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World Investment Report 2007 (WIR07) is the seventeenth in a series published by the United Nations Conference on Trade and Development (UNCTAD). The Report analyses the latest trends in foreign direct investment (FDI) and puts a special focus in 2007 on the role of transnational corporations (TNCs) in the extraction of oil, gas, and metal minerals. Higher prices for many minerals have led to renewed investor interest in the extractive industries. TNCs?including some of the world s largest corporations?play a key role in the mining of metals and in the extraction of oil and gas. Privately owned TNCs dominate the harvesting of metal minerals, while State-owned companies from developing and transition economies are key players in oil and gas. Many such State-owned firms are emerging as TNCs in their own right. Drawing on unique data, the Report examines TNC involvement in the extraction of mineral resources and maps the key countries and companies. It also discusses how the forces driving investment change as raw materials progress up the "value chain" to become finished products, and as different types of companies participate. In view of recent discussion of the so-called "resource curse," the Report explores how the participation of TNCs may help or hinder long-term, broad-based economic development in developing countries -- the best approach for reducing poverty and raising living standards. It considers how energy and mineral extraction can help governments achieve such aims. As in previous years, WIR07 presents the latest data on FDI and traces global and regional trends in FDI and in international production by TNCs. Global FDI inflows rose in 2006 for the third consecutive year. This growth was shared by all major country groups: developed countries, developing countries and the transition-economies of South-East Europe and the Commonwealth of Independent States. Rising demand for commodities was reflected in a steep increase in natural resource-related FDI, although the services sector continued to be the dominant recipient of FDI. Among the developing regions, FDI inflows to subregions such as North Africa, sub-Saharan Africa, West Asia, South Asia, East Asia, and South-East Asia were at record levels, as were foreign investment flows to transition economies. CONTENTS IN DETAIL: PREFACE ACKNOWLEDGEMENTS OVERVIEW PART ONE WIDESPREAD GROWTH IN FDI CHAPTER I. GLOBAL TRENDS: SUSTAINED GROWTH IN FDI FLOWS A. FDI AND INTERNATIONAL PRODUCTION 1. Trends in FDI a. Overall trends b. Continued rise in cross-border M&As c. FDI by private equity funds 2. International production 3. Indices of inward FDI performance and potential 4. Developments in FDI policies a. Developments at the national level b. Developments at the international level B. CHANGING PATTERNS OF FDI 1. Geographic patterns 2. Sectoral and industrial distribution of FDI C. THE LARGEST TNCs 1. The world?s 100 largest TNCs 2. The 100 largest TNCs from developing economies 3. Transnationality of the largest TNCs 4. The world?s 50 largest financial TNCs D. PROSPECTS NOTES CHAPTER II. REGIONAL TRENDS INTRODUCTION A. DEVELOPING COUNTRIES 1. Africa34 a. Geographical trends (i) Inward FDI: natural resources drove the surge (ii) Outward FDI hit new heights b. Sectoral trends: primary sector?s share rose c. Policy developments d. Prospects: moderate growth expected in 2007 2. Asia and Oceania a. South, East and South-East Asia (i) Geographical trends (a) Inward FDI: continued shift in favour of South and South-East Asia (b) Outward FDI increased substantially from all subregions (ii) Sectoral trends (a) Inward FDI increased in primary and services sectors (b) Out Printed Pages: 322. Buchnummer des Verkäufers 43644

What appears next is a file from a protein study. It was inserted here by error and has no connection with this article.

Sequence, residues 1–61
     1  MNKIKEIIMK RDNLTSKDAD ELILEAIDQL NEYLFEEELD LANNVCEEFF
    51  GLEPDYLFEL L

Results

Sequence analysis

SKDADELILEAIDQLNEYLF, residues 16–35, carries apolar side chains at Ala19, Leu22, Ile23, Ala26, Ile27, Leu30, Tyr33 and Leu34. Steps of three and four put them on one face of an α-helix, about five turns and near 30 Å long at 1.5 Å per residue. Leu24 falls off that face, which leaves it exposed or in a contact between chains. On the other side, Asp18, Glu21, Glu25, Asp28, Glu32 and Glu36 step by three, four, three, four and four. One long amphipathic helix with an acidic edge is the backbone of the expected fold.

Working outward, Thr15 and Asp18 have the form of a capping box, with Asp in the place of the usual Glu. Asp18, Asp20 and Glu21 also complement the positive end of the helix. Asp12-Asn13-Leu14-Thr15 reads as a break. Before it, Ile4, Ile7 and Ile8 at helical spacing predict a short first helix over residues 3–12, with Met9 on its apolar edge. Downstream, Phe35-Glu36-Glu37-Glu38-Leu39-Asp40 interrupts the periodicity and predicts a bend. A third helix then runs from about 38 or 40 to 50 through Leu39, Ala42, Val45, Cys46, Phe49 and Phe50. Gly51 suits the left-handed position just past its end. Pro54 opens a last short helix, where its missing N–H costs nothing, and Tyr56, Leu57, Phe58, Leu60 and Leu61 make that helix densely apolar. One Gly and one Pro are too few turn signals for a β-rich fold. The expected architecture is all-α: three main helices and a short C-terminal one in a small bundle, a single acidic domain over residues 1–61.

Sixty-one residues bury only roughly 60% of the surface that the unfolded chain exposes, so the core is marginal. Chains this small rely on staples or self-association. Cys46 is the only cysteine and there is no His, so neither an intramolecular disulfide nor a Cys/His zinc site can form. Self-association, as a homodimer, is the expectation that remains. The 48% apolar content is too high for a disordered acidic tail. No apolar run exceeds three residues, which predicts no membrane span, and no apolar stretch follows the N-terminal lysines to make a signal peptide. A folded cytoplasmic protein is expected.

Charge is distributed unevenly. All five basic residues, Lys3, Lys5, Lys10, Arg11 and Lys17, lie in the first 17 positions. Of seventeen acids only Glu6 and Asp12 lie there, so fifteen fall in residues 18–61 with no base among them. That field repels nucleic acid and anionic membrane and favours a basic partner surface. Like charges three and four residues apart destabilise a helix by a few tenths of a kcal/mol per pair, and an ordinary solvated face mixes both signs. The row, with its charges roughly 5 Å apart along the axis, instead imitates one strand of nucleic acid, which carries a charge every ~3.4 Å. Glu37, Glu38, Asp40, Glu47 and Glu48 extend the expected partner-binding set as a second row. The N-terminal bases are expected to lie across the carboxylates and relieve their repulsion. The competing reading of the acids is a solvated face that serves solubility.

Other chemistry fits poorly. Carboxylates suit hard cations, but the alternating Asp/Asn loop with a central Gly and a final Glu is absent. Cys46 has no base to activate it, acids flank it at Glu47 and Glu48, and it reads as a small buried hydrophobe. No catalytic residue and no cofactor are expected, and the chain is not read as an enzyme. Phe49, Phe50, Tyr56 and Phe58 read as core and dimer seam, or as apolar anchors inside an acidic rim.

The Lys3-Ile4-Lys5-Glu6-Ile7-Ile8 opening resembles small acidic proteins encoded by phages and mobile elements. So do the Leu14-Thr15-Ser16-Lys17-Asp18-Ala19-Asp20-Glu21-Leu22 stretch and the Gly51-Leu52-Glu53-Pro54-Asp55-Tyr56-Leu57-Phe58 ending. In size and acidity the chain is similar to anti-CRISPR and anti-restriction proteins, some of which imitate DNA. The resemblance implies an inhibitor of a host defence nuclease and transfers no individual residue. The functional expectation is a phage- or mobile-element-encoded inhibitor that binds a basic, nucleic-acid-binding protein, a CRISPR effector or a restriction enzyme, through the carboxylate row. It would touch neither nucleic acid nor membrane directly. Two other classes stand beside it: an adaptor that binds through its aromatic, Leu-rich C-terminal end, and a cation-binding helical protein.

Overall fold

Titel: World Investment Report 2007: Transnational ...
Verlag: Academic Foundation